# Fire off an event signifying change.

        # Redirect on to the next step.
        return self.request.response.redirect(self.nextURL())
  • 'nextURL()' in this case returns the absolute url of the ITodo's parent. We want to return to the TodoList when done.
  • 'toggleDoneAndReturnToList()' ... well, it should be pretty obvious what it does. Note that it also calls 'modified', which is basically a handy function that calls notify(ObjectModifiedEvent(self.context)).

Now what we need to do is define the template. As I was building this, the template and the lister came first, but now that it's all complete, I wanted to get the Python code out of the way to show how simple it is. I have also extracted a common Page Template macro out, which may be a more advanced concept than some readers are familiar with, so I'll cover it quickly. 'METAL' is part of Zope's Page Templates that allows us to write reusable code. The full template for the todo list will use the 'page' macro, and write content into 'slots' in that macro. Inside the todo list, the template will use the following macro to render table rows for the list:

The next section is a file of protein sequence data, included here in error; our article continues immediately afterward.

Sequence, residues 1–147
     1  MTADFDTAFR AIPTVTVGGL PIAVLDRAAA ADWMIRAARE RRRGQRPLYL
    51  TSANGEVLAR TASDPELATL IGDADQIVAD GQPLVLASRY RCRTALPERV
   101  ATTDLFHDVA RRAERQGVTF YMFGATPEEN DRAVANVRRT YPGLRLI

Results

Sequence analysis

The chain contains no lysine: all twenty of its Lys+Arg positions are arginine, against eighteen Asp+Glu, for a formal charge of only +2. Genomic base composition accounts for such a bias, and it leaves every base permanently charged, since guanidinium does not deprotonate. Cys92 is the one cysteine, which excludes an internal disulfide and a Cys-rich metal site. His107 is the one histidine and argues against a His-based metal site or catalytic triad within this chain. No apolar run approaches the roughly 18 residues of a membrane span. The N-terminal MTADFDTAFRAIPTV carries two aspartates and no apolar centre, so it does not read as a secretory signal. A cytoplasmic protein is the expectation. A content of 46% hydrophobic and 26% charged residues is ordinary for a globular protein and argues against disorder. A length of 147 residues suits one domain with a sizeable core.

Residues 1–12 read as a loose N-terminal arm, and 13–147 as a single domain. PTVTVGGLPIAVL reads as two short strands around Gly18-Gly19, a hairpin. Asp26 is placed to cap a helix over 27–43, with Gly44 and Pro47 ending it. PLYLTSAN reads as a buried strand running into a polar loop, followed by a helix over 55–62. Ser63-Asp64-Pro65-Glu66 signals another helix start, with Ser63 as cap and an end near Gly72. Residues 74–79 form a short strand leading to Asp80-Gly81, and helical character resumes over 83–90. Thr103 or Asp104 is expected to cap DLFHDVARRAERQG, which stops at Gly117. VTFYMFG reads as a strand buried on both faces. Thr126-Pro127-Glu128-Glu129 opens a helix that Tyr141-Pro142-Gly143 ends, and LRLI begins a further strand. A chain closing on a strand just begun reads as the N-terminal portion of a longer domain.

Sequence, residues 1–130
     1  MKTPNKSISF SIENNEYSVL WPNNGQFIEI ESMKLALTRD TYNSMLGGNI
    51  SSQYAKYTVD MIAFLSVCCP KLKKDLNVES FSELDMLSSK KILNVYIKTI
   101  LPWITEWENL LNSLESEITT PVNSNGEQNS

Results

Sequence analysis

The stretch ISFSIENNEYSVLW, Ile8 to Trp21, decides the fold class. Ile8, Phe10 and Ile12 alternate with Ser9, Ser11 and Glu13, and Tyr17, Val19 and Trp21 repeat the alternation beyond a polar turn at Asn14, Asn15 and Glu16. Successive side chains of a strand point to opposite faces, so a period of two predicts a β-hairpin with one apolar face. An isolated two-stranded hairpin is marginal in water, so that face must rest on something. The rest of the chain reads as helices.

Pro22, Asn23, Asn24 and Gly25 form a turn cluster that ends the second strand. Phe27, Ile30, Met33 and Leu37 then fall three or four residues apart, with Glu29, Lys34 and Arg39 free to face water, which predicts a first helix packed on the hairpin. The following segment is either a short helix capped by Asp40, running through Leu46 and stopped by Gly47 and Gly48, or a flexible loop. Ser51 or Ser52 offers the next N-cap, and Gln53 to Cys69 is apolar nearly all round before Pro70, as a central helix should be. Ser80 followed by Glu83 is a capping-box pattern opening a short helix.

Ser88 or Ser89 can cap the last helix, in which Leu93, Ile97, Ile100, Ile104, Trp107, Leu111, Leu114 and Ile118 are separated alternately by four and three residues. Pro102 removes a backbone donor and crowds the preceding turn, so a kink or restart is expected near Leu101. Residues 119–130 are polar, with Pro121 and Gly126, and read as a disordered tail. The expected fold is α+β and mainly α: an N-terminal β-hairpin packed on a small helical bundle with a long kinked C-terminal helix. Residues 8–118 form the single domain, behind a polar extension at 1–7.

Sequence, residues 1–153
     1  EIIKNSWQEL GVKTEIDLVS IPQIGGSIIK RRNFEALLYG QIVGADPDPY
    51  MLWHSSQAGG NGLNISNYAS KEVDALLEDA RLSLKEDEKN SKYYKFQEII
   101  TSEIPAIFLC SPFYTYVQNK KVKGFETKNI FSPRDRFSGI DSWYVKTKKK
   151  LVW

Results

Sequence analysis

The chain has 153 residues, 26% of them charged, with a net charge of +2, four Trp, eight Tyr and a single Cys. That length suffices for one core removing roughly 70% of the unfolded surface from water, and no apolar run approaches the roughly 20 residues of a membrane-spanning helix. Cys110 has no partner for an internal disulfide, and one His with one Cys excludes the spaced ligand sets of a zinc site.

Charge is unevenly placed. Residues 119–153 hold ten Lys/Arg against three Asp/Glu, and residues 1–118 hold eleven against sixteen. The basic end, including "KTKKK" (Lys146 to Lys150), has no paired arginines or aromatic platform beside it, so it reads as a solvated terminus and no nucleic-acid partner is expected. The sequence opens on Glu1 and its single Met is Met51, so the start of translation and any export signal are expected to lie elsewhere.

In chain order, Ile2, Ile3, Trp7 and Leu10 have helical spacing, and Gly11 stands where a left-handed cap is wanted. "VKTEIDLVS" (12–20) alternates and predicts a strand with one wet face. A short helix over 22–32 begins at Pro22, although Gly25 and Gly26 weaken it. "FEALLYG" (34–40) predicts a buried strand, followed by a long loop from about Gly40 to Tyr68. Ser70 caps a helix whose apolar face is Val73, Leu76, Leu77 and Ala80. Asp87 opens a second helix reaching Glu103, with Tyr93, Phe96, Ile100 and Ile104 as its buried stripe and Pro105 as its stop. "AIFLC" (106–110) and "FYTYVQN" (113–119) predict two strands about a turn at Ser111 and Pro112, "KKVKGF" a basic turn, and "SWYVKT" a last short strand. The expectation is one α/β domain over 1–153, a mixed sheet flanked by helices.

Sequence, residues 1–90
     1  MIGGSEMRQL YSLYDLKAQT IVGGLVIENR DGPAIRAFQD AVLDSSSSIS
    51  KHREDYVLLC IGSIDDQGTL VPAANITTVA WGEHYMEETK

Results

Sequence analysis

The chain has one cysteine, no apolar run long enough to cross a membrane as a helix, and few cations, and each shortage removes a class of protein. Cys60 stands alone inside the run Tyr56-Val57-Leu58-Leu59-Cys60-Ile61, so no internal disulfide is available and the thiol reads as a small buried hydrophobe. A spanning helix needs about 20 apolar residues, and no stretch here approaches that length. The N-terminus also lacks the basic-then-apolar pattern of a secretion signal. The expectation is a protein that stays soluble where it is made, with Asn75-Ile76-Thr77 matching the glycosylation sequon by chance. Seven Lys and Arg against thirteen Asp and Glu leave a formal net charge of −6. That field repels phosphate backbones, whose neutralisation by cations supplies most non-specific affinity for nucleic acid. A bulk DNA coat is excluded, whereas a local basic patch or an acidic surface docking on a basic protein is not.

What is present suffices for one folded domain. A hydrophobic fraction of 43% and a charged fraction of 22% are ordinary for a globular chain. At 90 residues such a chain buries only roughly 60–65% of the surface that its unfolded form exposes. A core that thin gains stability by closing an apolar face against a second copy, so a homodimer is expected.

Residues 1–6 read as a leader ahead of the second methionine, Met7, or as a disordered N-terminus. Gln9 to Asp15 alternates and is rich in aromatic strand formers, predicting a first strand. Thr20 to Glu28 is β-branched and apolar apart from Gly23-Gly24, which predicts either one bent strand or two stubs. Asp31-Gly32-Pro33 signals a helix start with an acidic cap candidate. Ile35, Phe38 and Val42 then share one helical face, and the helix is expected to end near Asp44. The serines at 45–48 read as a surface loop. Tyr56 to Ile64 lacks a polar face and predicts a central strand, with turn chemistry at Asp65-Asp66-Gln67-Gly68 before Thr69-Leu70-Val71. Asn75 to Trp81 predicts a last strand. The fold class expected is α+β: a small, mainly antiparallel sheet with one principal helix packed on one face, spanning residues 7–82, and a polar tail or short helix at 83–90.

<metal:block define-macro="todolist">
  <tr valign="top">
      <input type="checkbox" name="ids:list" 
            onclick string:document.location.href='${item/object/@@absolute_url}/@@toggle';
            value item/id;
            checked item/done" />
    <td tal:content="item/object/description">todo item</td>
This macro will be used in a loop that uses either 'listComplete' or 'listIncomplete' as defined in one of our view classes above, and operates on 'item'. Each 'item' is the result of '_extractItemInfo', which as defined returns a mapping with keys 'id', 'done', and 'object', with 'object' referring to the actual ITodo item.